Wray argues that more private investment like new and improved private production facilities to enhance growth will require new and improved aggregate demand today, which was recently taken away with the expiration of the SS tax holiday... skimpy as it was. However, to put a Supply Side spin on the discussion, the tax cut with the best chance of quadrupling worker productivity when the number of workers per SS beneficiary falls from three to two
is the capital gains tax.

Cut the capital gains tax and capital will come out of the woodwork to finance private sector investment. This suggests that theoretically the capital gains tax should be ZERO PERCENT (0.00%), which Alan Greenspan argued from time to time.

Instead, capital gains taxes have gone up from 15% to 20%... at least for the "wealthy". It will probably never be politically feasible to cut the capital gains tax all the way down to 0%, but I think 10% is achievable. Moreover, the government would "collect" or in the MMT paradigm "extinguish" much more "revenue".... at least in an accounting sense.

Chewitup said...

I agree with Ed. Randy's post was fairly apolitical. How are we going to make sure we have real resources available in the future to take care of our societal needs? What is the public role? What is the private role? Will we have the know-how to get it done?

Jonf said...

I guess I will have to go back and read Wray's post again. I thought he was simply saying that when it comes to the actual money, there is no problem. The only problem could be real resources, things like doctors, nurses, staffs, hospitals and facilities and the equipments. Even here he suggests (I thought) that this should not be a huge hurdle to get over. So all the hype about SS being in trouble or unsustainable is just that: nonsense, given any reasonable growth and productivity improvements.

Chewitup said...

The post references Pete Peterson and his ilk a couple of times in regard to their influence on policy makers. It's obvious that influence is creating existing policy.

We don't need to worry about funding Social Security. We need to worry about who in influencing policy decisions. And whether policy will allow us to use and develop our resources appropriately.

Matt Franko said...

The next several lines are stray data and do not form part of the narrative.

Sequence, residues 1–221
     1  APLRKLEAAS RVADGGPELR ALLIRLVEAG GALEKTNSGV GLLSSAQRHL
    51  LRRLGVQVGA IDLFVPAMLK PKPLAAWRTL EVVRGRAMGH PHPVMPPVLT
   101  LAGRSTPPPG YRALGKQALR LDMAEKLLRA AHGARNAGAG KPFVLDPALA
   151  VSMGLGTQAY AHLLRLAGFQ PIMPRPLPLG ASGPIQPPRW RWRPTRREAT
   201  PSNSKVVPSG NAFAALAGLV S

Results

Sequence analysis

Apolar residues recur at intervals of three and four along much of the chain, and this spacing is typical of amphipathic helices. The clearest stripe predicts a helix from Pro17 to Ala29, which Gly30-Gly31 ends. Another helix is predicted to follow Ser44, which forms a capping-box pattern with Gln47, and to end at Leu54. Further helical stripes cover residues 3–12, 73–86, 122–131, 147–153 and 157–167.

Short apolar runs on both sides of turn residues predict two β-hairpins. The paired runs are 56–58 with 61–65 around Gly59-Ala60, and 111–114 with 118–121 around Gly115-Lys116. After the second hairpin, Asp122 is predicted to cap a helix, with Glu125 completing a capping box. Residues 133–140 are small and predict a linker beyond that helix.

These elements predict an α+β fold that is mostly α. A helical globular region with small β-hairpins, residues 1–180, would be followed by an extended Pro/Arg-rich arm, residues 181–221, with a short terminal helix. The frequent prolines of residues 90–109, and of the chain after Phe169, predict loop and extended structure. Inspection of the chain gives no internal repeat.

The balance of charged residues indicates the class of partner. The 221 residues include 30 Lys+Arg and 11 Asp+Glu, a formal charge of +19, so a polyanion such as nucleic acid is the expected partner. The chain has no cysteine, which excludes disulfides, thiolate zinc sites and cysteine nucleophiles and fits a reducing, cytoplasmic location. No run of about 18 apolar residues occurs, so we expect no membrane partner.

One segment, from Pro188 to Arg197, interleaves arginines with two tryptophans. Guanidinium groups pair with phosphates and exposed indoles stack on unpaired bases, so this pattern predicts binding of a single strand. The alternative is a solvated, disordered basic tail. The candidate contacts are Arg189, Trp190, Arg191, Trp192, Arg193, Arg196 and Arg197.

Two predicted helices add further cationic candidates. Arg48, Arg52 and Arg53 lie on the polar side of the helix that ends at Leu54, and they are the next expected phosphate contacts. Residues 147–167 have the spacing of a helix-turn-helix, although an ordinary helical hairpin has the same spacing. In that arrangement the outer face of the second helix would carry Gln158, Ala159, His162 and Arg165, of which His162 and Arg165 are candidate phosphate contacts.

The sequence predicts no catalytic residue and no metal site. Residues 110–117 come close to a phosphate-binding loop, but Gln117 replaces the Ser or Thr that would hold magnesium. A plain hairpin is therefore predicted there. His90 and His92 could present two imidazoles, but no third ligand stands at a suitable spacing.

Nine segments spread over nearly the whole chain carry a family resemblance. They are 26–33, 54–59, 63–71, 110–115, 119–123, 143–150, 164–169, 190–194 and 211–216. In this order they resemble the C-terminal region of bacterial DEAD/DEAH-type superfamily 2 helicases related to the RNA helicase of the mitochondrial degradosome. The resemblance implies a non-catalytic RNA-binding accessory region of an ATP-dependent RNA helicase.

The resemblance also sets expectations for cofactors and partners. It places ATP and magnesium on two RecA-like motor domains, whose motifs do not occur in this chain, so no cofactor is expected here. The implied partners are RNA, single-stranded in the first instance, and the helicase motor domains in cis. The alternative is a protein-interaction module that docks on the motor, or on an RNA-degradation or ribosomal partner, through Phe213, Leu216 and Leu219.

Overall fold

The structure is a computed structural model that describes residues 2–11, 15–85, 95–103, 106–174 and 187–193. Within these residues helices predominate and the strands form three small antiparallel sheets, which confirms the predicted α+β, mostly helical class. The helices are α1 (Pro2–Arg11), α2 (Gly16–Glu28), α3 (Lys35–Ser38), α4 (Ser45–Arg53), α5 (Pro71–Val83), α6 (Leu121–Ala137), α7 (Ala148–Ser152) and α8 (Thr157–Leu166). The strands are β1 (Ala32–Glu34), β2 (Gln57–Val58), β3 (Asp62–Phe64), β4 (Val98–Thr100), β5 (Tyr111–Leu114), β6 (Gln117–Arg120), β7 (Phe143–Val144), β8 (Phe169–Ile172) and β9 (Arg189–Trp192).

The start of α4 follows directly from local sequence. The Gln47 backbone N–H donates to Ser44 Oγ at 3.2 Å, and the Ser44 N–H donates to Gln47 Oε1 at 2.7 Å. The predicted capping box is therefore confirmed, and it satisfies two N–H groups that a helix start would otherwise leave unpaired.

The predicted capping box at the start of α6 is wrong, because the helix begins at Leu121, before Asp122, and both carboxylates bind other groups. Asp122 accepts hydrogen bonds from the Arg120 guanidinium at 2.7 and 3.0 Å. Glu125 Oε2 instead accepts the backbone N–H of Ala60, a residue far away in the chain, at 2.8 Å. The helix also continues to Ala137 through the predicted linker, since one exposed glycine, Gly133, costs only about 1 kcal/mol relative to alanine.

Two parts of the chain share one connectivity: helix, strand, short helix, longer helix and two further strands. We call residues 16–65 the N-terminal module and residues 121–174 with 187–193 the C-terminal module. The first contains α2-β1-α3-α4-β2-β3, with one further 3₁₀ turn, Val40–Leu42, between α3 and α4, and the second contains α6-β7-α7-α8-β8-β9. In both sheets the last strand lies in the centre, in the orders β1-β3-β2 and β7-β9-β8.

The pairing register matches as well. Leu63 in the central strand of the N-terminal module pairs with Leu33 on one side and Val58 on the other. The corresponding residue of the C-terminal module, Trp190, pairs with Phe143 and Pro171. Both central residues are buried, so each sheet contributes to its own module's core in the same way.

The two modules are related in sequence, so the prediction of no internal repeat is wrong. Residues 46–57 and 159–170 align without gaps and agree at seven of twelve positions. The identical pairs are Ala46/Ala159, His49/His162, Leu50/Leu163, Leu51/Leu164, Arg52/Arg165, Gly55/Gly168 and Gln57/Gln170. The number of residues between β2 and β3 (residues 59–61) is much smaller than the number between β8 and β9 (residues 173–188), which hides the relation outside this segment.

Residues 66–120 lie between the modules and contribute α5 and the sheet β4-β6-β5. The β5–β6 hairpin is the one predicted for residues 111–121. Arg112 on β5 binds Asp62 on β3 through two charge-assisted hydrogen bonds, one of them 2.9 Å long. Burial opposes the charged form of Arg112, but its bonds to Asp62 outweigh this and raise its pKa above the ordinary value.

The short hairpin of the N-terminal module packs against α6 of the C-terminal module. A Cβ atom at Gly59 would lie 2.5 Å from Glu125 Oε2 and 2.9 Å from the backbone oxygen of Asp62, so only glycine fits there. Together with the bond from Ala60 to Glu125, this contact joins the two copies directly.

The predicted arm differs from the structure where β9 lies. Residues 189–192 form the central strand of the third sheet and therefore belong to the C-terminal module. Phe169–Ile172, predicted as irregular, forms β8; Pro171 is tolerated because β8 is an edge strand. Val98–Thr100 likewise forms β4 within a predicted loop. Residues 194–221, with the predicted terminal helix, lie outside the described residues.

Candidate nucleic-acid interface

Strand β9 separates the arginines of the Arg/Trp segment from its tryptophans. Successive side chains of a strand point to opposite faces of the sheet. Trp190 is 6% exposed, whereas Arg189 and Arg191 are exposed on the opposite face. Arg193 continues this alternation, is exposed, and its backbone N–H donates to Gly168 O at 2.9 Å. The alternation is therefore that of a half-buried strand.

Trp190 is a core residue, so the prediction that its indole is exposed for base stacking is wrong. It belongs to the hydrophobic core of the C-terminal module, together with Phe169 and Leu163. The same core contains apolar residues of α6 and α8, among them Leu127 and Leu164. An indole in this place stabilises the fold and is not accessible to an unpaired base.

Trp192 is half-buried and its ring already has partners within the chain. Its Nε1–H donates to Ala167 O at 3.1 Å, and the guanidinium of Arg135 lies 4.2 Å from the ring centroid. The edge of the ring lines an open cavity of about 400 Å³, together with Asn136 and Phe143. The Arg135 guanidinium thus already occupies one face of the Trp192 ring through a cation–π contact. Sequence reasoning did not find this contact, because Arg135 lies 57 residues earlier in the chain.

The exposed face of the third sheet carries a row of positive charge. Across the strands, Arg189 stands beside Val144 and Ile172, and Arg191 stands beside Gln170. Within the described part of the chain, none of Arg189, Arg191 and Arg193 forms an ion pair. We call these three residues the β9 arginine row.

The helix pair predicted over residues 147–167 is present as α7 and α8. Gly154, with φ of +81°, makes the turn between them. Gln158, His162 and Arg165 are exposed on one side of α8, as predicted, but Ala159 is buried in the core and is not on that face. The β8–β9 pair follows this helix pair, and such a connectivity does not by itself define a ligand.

Chewie right Peterson is mentioned without affiliation but Ive noticed Bill Black always refers to Peterson as "Republican"... which I'm not so sure about...

This is the seed of Peterson's bio at "Fix the Debt":

"Michael Peterson is President and Chief Operating Officer of the Peter G. Peterson Foundation. In addition, Michael is currently President and Co-Founder of GPX Enterprises, LP, a private investment firm focused on the sponsorship, development, and management of selected private equity investments. He worked on the Clinton and Dukakis presidential campaigns, served as a Congressional Aide to Majority Leader Richard Gephardt,..."

Sounds like "Peterson" is a Democrat....

And no one else has a higher media profile from there than Steven "We Need Death Panels" Rattner who was in the Obama administration, he has a higher profile lately than Walker...

So I dont see this as a partisan issue and the Bush-bashing here seems gratuitous and no value added....

rsp,

paul said...

"So I dont see this as a partisan issue and the Bush-bashing here seems gratuitous and no value added"

Matt, I'm not sure this is as much partisan as it is historical.

Bush is the guy that is on record attempting to deliver SS to the sharks. He has to own it.

Clinton should be remembered for delivering de-regulation to the sharks. The unfortunate part is he succeeded.

That said, I'm pretty sure Randy is not a Bush fan, but then most people aren't.

These days I tend to be an equal-opportunity politician-basher but Republican Politicians are especially odious.

I suppose it would be easier to choose sides if I had any inkling of what anybody stands for anymore. Judging by what they do not what they say.

Dan Kervick said...

Matt it doesn't matter whether the Social Security trust fund is in surplus. The SSTF is just a sub account of the entire government, and the entire government is in deficit. That's all that matters.

It's not like the SSTF represents a potential source of private sector assets that are not being exploited. If the trust fund is in surplus, it gives the general fund the money, and the general fund gives the trust fund a bond. The intergovernmental balance sheet changes net to zero.

If the private sector needs more NFAs, then buying private sector bonds doesn't seem like an especially effective way to do it. That's in effect just more QA, whether it is being done by the Fed or the Treasury. Better to spend the money on employment and real activity, not in the financial markets.

Dan Kervick said...

Randy's focusing on the right issues: what are our best estimates of how many people will be retired at a given point in time, and our best estimates of what percentage of the population will be working, and how productive they will be.

MoveThroughIt said...

"It's not like the SSTF represents a potential source of private sector assets that are not being exploited."

I think it represents just that to the .1%. Think of all those FICA taxes that could be going into their coffers. Not to mention addional social control.

Matt Franko said...

I understand the system level deficit math etc... but the SS pensions will not be enough for the j6p's to live off of in retirement....